Working on a drilling rig is no desk job – it can be loud and dirty with plenty of exposure to the elements. It’s also a rewarding career with high earning potential, and a work schedule that’s far from your everyday nine to five with only three weeks’ vacation a year.
If you’re considering a career on the rigs and want to know about each position, this blog is for you. Read on as we take you through crew basics, describe rig positions, and explain why Trinidad is the employer of choice among new and experienced hands. Continue reading →
Whether it be at home or overseas, we work hard to invest in the communities we drill in to ensure they’re better off as a result of us being there. One of the ways we’re doing this is by hiring, developing, and mentoring local talent on our drilling rigs through Trinidad Essential Skills Training (T.E.S.T.).
T.E.S.T. is our competency-assurance program that defines global performance standards for each position on our rigs (Floorhand, Motorhand, Derrickhand and Driller). Every rig hand that steps foot into Trinidad coveralls is assessed on these standards to ensure they can perform the skills required for their position. Continue reading →
Rig Manager Wayne Adam’s career progression at Trinidad has been no different. Adam’s journey to his current gig on Rig 127 in Saudi Arabia began on Rig 106, when we expanded south of the 49th parallel in 2005. After ten plus years with us, Adam’s opinion of the company hasn’t changed one bit. Continue reading →
It takes a team of passionate, motivated and roll-up-your-sleeves-type individuals to make a drilling company great. Robert Duke, one of our Rig Specialists in Saudi Arabia, is one of those people. Continue reading →
Do you remember your first day on the rigs? All bright-eyed and bushy-tailed and ready to make some cash? As most first days go, we’re willing to bet the work wasn’t 100% what you expected. Although many of you continued your careers in the oil patch, we all know someone that decided rigging just wasn’t for them.
This had us thinking… what does it take to make it on the rigs? So, we decided to ask the experts! Common sense, safety-focus and desire to learn were all common answers. Here’s what else you had to say. Continue reading →
For many of those in the drilling business, starting in the patch fresh out of school was a no-brainer. Some chose this life for their love of iron, some for the money and freedom, and some to be part of a long-standing family tradition.
Starting on the rig as a Floorhand was all Bill Dunbar wanted to do in 1972 – all thanks to his dad who worked for Imperial Oil in the 1950s and 60s when they operated their own drilling rigs.
Erin Johnson is passionate about taking care of living things, human or animal.
That passion originally put the oil patch medic on the road to a career as an emergency medical technician (EMT), but something intervened.
“I became a medic because I was thinking that I wanted to become an EMT,” said Johnson. “Now I’m realizing that I don’t really want to do that, and I want to stay in the oilfield. I love the work and I love the people I meet.”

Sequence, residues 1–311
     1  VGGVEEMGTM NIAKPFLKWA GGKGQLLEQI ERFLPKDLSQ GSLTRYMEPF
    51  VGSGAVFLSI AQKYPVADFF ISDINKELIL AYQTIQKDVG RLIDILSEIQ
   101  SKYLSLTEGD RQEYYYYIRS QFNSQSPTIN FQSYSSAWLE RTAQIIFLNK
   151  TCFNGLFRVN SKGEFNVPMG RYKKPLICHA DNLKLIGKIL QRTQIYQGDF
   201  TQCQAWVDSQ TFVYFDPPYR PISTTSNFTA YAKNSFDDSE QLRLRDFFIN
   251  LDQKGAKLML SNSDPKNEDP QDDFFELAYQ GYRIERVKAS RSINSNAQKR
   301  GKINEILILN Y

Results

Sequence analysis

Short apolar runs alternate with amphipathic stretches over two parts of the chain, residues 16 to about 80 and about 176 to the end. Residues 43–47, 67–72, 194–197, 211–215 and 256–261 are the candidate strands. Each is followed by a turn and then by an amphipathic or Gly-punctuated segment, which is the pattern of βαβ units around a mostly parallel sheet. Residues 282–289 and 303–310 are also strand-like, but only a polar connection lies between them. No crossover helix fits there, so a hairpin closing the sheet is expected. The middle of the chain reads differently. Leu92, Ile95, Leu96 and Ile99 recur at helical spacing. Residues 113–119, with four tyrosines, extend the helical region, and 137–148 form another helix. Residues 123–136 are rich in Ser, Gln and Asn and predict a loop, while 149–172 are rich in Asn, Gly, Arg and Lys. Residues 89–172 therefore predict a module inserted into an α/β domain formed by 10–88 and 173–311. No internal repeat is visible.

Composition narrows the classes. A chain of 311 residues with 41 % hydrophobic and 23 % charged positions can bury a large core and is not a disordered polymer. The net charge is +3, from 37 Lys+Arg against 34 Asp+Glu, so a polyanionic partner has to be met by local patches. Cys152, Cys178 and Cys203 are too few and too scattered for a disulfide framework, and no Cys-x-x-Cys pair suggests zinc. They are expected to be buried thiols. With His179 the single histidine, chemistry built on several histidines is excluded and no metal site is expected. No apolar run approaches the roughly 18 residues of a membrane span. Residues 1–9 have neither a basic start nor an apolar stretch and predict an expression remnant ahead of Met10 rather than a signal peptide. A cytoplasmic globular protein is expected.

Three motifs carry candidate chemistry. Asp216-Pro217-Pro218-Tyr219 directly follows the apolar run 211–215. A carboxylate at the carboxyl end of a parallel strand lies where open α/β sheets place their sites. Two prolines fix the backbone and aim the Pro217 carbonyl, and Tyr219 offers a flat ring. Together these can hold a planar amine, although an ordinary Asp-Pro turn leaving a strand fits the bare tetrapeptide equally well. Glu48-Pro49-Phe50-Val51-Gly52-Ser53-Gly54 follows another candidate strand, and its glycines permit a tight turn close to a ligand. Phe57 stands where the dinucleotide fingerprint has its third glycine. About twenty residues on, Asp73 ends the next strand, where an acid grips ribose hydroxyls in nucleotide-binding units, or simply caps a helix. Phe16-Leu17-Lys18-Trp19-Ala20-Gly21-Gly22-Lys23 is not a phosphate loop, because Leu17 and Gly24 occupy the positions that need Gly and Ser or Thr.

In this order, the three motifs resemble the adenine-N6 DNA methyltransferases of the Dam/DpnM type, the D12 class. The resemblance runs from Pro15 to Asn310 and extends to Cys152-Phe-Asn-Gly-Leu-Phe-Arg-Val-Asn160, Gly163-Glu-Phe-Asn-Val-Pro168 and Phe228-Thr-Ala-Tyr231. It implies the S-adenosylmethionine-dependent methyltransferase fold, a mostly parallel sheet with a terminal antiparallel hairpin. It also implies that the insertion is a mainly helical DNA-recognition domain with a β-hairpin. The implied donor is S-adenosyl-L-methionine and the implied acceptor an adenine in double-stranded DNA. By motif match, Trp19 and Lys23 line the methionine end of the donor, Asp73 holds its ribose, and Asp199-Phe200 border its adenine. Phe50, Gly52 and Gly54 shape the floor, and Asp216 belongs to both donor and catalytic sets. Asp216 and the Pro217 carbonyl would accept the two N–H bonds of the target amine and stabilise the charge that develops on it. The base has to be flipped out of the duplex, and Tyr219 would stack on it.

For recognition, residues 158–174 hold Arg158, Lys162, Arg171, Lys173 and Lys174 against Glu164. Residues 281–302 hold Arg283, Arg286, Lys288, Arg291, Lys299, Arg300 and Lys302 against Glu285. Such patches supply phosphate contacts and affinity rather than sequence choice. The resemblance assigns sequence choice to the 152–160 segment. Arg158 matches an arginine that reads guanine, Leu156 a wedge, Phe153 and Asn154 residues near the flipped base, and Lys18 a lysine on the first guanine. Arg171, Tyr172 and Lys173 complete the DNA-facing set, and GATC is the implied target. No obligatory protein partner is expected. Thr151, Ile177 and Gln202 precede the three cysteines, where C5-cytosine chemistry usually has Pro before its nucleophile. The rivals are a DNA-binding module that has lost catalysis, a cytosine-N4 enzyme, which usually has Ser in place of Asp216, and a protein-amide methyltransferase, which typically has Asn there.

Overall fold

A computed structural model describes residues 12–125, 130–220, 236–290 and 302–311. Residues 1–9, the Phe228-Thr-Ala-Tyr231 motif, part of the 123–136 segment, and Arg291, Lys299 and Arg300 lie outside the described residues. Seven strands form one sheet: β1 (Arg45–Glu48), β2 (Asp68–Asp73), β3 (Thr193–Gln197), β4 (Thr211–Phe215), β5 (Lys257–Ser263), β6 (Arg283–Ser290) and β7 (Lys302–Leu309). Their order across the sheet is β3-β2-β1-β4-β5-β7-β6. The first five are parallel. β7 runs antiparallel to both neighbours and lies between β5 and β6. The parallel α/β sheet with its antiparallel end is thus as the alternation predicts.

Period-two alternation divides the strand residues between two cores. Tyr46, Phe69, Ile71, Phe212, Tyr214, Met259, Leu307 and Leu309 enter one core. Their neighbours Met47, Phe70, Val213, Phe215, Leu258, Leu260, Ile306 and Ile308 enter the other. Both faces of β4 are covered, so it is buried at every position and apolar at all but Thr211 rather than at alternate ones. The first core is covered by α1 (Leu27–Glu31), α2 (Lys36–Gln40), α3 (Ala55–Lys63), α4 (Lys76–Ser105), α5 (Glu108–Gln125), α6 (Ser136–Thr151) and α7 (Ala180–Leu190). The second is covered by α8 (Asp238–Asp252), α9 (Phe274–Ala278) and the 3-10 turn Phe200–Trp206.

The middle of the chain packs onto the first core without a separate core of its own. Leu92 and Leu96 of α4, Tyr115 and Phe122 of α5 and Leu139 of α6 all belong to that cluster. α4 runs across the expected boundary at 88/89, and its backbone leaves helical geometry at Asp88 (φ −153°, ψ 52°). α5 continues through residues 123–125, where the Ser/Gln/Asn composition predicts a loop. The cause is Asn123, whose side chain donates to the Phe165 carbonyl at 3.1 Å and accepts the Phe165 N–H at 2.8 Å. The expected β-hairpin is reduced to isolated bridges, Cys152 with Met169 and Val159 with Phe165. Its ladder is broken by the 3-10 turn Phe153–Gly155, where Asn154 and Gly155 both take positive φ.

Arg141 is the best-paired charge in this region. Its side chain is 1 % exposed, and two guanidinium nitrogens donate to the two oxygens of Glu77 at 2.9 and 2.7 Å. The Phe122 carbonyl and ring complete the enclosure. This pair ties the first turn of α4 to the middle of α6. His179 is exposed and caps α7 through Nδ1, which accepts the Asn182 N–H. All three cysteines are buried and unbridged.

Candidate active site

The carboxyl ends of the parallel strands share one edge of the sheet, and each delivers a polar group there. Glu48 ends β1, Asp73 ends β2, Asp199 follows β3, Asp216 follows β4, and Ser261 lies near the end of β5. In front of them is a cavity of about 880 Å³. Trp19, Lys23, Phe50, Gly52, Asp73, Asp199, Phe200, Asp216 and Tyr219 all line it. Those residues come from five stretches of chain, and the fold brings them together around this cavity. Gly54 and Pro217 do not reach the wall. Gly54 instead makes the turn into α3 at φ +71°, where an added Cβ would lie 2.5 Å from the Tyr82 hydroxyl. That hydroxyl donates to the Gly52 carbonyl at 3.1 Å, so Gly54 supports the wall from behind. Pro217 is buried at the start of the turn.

Johnson, just 21 years old, already has two years of experience as a medic. She is a qualified Emergency Medical Responder (EMR), and has taken a number of extra safety courses with her company, including petroleum safety, safe driving practices and even how to land a helicopter.
Johnson was recently the medic on Trinidad Rig 39, where she was impressed by how the rig workers had mastered Trinidad’s safety culture. Johnson spent May until November 2015 on the rig near Hinton, Alberta, and in that entire time, she never once had to provide medical services to a crewmember.
Move over James Bond and Austin Powers – we’re adding “International Man of Drilling” to the world’s list of “International Men”. While his job doesn’t take him on the hunt for border-hopping criminal masterminds, when it comes to drilling, Trinidad’s Operations Manager in Saudi Arabia, Trevor Warren, is a real globetrotter. Since signing on with Trinidad Drilling 10 years ago, he has worked all over Canada and the United States, as well as in Chile, before heading to Saudi Arabia two years ago. He recently moved to Bahrain with his family.
So, what’s it like working all over the world? We wanted to know more about how Warren has made drilling an international career. We caught up with him for a Q&A, to find out how he has moved up through the ranks, and all over the world, during his tenure with Trinidad.
And for McVey, drilling controls are located on a cyber chair that looks like it would be at home on the bridge of the Starship Enterprise.
“Trinidad has given me the training and opportunities to work with the kind of advanced technology that most rig hands don’t get to work with their entire career,” said McVey, who started with Trinidad three years ago on Rig 57, a sophisticated machine in its own right.
We published other blog posts about Rig 58 while it was being built, but it’s been a few months since the nearly 60-metre-tall rig hit the field to drill natural gas in the Liard Basin in northern B.C., so now we want to give you a look at what it’s like to be at the helm of one of the largest rigs in North America. Continue reading →